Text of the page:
SummaryBackground Solar ultraviolet (UV) radiation is considered to be a major aetiological factor in melanoma and non-melanoma skin cancer. A growing body of evidence indicates that oxidative stress is involved in photocarcinogenesis. However, in vivo data for human skin are still lacking. Reactive oxygen species participate in a number of pathophysiological processes including DNA damage and lipid peroxidation (LPO) and are considered to be a key factor in tumour progression.
Objectives We hypothesized that in human skin cancer the natural redox balance is disturbed and that this imbalance may result in an accumulation of LPO products.
Methods To test this, skin biopsies of superficial spreading melanoma were compared with age-matched benign melanocytic naevi and young healthy controls. Additionally, non-melanoma skin cancers (basal cell carcinoma, squamous cell carcinoma) and actinic keratosis were investigated (n = 18 each). Expression of the antioxidant enzymes, copper–zinc superoxide dismutase, manganese superoxide dismutase and catalase was analysed by immunohistochemical techniques. To detect LPO products, protein-bound malondialdehyde (MDA) was visualized.
Results In human melanoma biopsies, a significant overexpression of the antioxidant enzymes was found when compared with surrounding non-tumour tissue, benign melanocytic naevi, and young controls. Intriguingly, the LPO marker MDA was significantly increased in melanoma tissue. MDA was located not only in typical melanoma cells, but also occurred in surrounding keratinocytes. In contrast, a severely disturbed antioxidant balance with diminished antioxidant enzymes was found in non-melanoma tumours, whereas MDA was elevated only in squamous cell carcinomas.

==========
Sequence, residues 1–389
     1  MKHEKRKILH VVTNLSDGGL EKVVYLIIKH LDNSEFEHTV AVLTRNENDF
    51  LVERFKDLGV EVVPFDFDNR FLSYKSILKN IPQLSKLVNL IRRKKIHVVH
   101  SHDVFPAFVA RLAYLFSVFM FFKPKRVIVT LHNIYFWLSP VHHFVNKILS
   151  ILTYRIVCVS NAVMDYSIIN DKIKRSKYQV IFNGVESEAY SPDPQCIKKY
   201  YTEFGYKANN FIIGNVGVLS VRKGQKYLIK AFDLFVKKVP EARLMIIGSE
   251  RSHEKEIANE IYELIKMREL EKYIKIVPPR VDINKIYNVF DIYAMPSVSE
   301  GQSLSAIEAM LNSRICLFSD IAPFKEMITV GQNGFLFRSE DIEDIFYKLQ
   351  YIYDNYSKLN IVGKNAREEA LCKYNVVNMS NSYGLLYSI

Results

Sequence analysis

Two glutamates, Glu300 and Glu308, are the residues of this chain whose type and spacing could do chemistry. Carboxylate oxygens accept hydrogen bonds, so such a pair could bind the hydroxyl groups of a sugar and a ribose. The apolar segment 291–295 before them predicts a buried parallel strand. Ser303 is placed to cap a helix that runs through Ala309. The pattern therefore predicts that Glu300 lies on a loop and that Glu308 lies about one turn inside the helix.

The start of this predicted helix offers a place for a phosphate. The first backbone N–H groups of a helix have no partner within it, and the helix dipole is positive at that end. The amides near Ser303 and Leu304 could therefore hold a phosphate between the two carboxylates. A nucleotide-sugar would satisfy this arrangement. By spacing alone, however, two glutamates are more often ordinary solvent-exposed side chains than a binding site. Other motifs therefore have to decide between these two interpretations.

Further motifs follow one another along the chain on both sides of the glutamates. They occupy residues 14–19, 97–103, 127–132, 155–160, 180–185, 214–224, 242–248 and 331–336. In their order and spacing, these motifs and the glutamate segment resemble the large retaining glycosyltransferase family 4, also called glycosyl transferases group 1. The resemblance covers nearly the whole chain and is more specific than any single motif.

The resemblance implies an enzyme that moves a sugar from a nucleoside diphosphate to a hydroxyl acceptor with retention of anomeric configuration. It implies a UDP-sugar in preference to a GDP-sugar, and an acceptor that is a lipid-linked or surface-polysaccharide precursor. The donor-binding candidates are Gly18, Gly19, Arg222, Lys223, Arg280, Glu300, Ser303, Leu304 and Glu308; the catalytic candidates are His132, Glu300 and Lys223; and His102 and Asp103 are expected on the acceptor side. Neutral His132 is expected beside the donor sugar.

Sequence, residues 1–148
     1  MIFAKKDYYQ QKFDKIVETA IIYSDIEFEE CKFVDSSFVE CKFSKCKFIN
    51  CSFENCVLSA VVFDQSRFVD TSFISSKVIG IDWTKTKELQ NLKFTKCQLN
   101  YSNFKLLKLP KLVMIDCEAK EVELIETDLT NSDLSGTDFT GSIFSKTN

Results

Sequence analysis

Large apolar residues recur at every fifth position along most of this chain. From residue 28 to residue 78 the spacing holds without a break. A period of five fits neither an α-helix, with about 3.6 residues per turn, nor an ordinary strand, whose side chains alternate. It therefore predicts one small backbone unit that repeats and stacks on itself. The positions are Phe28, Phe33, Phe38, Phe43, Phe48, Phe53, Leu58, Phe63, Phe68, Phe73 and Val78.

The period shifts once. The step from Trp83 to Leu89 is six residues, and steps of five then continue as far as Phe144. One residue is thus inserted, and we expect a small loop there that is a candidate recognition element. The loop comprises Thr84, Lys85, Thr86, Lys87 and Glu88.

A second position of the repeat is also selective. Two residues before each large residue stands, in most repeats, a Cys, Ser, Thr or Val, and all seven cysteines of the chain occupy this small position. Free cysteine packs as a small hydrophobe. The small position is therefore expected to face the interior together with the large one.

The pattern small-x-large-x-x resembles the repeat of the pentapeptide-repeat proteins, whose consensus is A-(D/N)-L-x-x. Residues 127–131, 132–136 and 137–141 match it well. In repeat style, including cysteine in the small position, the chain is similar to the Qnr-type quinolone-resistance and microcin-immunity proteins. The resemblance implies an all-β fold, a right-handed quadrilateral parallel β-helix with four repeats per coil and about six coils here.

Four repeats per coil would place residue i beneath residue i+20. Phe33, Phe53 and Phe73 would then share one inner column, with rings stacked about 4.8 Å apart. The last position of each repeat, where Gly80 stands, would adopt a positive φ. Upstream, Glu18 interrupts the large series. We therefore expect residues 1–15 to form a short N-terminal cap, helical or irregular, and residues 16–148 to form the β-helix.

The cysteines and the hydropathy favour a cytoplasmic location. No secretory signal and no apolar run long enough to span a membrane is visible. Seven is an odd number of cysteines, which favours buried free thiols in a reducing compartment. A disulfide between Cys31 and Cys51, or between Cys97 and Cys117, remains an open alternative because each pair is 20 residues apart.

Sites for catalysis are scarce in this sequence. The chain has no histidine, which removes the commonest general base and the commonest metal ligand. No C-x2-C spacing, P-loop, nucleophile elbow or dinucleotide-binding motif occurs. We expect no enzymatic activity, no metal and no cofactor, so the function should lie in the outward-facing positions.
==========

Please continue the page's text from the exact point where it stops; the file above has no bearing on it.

Conclusions These findings indicate that oxidative stress may play different roles in the pathogenesis of human skin cancers. In non-melanoma skin cancer, a diminished antioxidant defence caused by chronic UV exposure might contribute to multistep carcinogenesis, whereas melanoma cells exhibit increased oxidative stress which could damage surrounding tissue and thus support the progression of metastasis.